An inmate from the Tooele County Detention Center escaped from a work detail last week but was caught over the weekend.
Tooele County Sheriff Frank Park said Nicholas Anderson, 41, was on a work detail at Deseret Peak Complex last Tuesday when he rode a work ATV to the complex’s fence, jumped over the fence, got in a black SUV waiting in the area and drove away.
Park said the department’s investigative division found a cell phone stashed at the complex that Anderson had evidently used to communicate with his accomplices.
Anderson was found in a Salt Lake City residence last week, Park said.
Lt. Ron Johnson of the Tooele County Sheriff’s Office said the department received a tip Anderson had fled to Salt Lake, and confirmed the tip with a confidential informant. With that information, he said, detectives and the Tooele County Drug Task Force conducted a surveillance operation to verify Anderson’s whereabouts and bring him back Thursday night.
“We were able to observe a person pick him up and then take him to a gas station, where we were able to pick him up without incident. He gave up right away,” Johnson said.
The identities of Anderson’s accomplices are still under investigation, he said.
Anderson’s break for freedom is the first since the jail moved to its current facility in 2012.
“He’s been the first since we’ve been out here,” said Lt. Dave Harrison with the Tooele County Detention Center. “He’s been the first for a long time.”
The most notable escape before that was Jason Catmull, who walked away from a work detail at the Tooele Senior Center in May 2011 and was caught two days later — after committing several burglaries in Erda.
Anderson was a little more than 100 days into a 365-day sentence for felony DUI from February, and had earned roughly 25 days off for his work as a trustee, Harrison said.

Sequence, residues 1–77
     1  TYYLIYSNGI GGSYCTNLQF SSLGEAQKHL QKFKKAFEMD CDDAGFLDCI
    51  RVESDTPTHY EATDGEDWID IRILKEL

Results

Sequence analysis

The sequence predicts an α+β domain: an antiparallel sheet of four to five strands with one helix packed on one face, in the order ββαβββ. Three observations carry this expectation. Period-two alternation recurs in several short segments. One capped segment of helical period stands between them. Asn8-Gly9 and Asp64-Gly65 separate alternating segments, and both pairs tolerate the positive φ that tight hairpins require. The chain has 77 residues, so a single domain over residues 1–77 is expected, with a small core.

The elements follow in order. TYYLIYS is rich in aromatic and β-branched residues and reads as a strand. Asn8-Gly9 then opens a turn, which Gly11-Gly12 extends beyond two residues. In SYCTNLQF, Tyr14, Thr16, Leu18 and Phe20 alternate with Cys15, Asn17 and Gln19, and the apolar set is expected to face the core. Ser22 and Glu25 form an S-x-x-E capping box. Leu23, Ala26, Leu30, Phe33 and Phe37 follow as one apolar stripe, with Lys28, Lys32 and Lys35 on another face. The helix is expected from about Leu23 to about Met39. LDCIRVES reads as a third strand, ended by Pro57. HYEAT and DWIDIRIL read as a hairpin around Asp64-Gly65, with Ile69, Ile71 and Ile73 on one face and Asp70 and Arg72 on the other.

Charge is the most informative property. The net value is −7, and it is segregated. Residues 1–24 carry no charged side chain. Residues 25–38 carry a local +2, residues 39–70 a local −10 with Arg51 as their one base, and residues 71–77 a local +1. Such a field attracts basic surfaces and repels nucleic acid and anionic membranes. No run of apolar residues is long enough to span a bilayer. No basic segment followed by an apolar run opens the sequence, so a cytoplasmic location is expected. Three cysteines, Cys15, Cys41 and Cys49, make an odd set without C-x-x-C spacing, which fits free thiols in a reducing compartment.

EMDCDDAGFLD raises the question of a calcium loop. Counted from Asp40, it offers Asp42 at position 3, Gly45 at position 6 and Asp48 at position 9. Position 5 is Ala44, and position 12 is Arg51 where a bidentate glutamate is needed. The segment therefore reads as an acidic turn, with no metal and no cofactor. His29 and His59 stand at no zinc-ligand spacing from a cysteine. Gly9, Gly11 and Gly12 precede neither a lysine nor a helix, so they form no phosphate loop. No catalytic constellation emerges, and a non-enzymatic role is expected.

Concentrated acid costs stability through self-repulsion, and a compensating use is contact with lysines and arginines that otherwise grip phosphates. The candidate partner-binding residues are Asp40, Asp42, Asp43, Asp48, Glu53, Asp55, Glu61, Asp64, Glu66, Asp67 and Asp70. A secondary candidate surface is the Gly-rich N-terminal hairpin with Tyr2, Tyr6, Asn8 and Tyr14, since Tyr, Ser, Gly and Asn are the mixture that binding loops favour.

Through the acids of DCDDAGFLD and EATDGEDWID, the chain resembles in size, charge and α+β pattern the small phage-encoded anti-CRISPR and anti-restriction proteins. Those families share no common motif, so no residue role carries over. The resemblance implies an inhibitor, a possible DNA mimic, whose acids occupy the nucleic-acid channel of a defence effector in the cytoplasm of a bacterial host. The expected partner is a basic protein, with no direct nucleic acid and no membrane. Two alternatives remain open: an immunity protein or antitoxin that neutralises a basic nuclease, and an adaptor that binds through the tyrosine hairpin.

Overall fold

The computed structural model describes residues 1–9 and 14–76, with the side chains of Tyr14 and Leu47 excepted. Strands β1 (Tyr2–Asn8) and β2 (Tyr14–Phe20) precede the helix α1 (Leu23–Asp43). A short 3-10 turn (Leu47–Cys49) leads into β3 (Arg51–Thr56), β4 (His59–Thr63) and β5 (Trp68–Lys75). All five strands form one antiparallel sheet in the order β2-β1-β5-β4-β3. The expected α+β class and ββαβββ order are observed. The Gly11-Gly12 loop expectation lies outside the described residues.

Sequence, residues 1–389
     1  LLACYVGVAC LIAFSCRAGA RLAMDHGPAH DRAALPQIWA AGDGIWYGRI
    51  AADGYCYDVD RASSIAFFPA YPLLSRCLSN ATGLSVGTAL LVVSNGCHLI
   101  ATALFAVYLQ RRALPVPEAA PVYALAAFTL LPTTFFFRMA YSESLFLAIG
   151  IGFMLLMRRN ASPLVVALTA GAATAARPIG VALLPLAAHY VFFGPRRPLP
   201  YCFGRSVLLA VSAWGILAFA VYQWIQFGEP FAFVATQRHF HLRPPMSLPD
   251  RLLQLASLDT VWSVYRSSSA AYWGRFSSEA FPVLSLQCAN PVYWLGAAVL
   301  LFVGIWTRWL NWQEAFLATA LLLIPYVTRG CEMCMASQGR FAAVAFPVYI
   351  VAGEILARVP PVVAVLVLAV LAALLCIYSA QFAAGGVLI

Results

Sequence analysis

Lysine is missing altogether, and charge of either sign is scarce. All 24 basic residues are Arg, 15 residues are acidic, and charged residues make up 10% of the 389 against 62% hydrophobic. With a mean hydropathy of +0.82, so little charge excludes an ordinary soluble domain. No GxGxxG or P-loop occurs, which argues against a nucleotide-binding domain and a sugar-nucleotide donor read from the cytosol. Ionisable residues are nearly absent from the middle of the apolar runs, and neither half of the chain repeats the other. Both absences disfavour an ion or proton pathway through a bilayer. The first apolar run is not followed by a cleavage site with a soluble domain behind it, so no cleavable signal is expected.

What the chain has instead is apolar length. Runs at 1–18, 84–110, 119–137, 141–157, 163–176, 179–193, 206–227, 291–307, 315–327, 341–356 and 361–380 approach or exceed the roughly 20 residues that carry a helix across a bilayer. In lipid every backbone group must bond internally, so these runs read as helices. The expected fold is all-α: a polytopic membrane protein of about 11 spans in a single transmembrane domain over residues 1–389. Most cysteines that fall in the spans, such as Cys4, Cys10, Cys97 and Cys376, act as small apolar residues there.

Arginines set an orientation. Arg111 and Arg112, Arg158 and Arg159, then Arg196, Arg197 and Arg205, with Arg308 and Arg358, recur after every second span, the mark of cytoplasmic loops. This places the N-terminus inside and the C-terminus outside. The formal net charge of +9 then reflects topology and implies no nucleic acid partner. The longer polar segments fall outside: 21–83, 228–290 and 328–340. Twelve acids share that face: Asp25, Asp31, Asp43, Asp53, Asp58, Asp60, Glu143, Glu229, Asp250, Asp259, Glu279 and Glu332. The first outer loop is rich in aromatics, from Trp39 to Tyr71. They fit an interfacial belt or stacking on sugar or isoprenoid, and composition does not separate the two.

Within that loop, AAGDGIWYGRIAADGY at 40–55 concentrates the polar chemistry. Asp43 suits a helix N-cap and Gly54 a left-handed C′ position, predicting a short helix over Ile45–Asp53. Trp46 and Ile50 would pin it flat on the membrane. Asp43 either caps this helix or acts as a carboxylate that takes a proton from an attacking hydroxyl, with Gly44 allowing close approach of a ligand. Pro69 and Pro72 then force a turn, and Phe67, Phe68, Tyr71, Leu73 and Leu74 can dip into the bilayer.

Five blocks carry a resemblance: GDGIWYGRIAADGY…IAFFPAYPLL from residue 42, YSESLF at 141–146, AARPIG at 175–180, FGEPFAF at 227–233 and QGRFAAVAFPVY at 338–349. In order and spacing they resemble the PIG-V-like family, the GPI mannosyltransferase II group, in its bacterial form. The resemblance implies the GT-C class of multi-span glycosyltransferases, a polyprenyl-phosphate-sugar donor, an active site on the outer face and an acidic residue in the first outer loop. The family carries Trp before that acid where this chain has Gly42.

On Thursday, Anderson was charged with escape from official custody, a third-degree felony.
Harrison said in light of Anderson’s escape, the staff in charge of watching inmate trustees on work details at Deseret Peak will receive additional training. Anderson, like all trustees, was carefully screened to make sure he did not have a violent past, he said.
“We’re doing additional training to all of the staff down at Deseret Peak,” he said. “We’ve got that scheduled and we’re definitely taking a look at our procedures of who we allow to go out. Right now there’s no violent offenders. Anyone we think would pose a risk to the general public doesn’t go out there. Whenever anything like this happens, we always review what we do to see what improvements we can do to make it better.”
Park said while policies have always been in place to try to deter or prevent escape — and are updated when an escape reveals a hole in the plan — no set of rules can anticipate every eventuality.
“Now and again you have someone who does something totally stupid,” he said. “You just never know. Even as diligently as these people watch them, if there’s a will, there’s a way.”
Attempts to reach authorities regarding reports of an escaped inmate last week were unsuccessful.